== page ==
Monks, marauders and madmen |

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Monks, marauders and madmen

Inchmurrin’s intriguing past
Crossing the loch with Ben Lomond behind

“Some years ago, many persons disordered in their senses were sent here as a place of confinement; and those of the fair sex, who were so unfortunate as to give pregnant proofs of their frailty were sent here to avoid the reproach of the world.”

Not quite Alcatraz perhaps, but also not quite the usual claim to fame for a Scottish island. It’s interesting though, as the island in question isn’t remote or somewhere far off out in the Atlantic, but right in the heart of Scotland, very close to those ‘bonnie, bonnie banks’. It’s called Inchmurrin and is one of the many islands in Loch Lomond. In fact, at one-and-a-half miles long it’s not only the largest island on the loch but also the largest in any freshwater loch in Britain.

If you’ve got your own boat you’ll need no help to reach Inchmurrin, while the rest of us can enjoy being carried across the loch in the little island ferry from the safe parking area at the Burnfoot Jetty at Arden, just north of Balloch. Or you can get there with the waterbus service from Balloch, or the post-boat from Balmaha.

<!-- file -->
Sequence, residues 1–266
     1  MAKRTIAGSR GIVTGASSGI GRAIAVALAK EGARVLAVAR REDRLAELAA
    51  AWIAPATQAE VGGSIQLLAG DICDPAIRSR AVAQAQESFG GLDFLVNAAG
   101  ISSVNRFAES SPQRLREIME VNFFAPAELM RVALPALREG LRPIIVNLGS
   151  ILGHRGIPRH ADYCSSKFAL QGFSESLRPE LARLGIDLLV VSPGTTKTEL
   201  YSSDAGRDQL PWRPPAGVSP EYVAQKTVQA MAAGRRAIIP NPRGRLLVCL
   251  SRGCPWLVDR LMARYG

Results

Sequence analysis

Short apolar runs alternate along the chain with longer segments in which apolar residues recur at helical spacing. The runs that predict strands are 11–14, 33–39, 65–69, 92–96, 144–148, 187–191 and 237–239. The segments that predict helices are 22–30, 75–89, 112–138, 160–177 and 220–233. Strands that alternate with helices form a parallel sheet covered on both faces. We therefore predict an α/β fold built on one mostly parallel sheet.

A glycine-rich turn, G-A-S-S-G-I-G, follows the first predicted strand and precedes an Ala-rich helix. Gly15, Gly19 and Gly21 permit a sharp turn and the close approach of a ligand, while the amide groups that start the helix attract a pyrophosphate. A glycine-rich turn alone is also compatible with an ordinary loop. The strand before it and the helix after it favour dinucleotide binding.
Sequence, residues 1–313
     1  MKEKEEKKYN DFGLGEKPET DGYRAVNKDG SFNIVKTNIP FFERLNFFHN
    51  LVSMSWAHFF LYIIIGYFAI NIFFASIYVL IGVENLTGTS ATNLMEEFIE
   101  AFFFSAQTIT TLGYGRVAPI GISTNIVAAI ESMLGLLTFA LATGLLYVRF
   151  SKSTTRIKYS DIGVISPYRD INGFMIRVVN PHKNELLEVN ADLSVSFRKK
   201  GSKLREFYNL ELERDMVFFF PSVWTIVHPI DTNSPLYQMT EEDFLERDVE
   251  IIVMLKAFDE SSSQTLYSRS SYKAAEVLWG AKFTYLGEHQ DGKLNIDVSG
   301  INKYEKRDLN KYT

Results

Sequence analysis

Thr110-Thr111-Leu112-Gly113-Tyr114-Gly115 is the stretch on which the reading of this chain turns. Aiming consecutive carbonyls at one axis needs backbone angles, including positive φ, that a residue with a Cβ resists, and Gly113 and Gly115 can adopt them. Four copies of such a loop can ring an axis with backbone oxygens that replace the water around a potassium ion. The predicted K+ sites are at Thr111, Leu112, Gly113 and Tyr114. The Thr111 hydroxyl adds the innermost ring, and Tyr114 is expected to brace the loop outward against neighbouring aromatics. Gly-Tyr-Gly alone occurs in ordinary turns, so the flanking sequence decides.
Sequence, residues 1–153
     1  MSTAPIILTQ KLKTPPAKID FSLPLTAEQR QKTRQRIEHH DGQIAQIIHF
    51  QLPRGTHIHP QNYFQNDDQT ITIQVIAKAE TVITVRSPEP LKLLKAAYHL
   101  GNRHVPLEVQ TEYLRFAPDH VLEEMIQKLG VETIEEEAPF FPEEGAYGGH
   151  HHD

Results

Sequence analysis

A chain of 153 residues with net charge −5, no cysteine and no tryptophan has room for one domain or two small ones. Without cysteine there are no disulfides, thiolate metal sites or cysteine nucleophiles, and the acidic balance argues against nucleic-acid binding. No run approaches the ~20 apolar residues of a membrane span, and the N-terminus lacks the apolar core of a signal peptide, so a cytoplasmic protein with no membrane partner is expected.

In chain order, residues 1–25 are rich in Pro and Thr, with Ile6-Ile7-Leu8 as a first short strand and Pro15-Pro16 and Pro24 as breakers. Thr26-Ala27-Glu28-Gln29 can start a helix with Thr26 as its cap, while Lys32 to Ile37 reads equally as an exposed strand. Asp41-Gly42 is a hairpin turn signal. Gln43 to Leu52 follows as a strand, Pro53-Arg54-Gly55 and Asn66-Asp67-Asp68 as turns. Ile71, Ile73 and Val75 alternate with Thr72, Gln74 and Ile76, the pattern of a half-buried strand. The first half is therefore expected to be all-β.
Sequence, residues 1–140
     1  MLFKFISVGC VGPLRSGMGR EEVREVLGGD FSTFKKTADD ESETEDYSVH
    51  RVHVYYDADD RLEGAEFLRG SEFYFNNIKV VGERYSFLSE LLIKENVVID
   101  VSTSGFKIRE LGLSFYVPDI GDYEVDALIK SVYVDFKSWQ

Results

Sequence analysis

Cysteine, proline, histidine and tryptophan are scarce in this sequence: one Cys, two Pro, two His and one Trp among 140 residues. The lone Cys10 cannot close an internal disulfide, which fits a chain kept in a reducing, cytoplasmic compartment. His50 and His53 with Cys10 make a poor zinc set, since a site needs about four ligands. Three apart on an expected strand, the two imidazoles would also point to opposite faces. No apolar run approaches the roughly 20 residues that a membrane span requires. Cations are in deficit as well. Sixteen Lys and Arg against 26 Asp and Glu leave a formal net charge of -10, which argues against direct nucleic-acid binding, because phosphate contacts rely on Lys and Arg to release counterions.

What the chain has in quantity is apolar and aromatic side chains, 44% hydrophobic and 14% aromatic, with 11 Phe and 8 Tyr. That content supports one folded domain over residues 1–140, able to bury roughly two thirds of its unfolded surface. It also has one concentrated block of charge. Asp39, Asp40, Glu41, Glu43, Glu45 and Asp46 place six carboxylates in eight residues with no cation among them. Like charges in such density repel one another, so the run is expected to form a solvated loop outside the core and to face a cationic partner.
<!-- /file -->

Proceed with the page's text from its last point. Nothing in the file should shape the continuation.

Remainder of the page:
Being in a small boat that sits low in the water, you get you a real feeling of being at sea, and the views up and down the loch on the short crossing are wonderful. Ben Lomond rises in front of you, forming a magnificent backdrop to Inchmurrin and on arrival the ferry moors in the small bay below Tigh-na- Camis, the island’s single-storey hotel and restaurant. On a recent visit we were blessed with one of those glorious sunny days that make living in Scotland so perfect, and, deciding to eat first then explore, we headed straight for the restaurant. Somehow the food tastes even better when it’s combined with stunning views, and we certainly had those: right out across the bay towards the south-western shore of Loch Lomond and beyond.

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iScot issue # 40 - April 2018 is now available to download - we apologise in advance for the sensitive nature of the front cover and suggest that one displays the issue face down on one’s coffee table.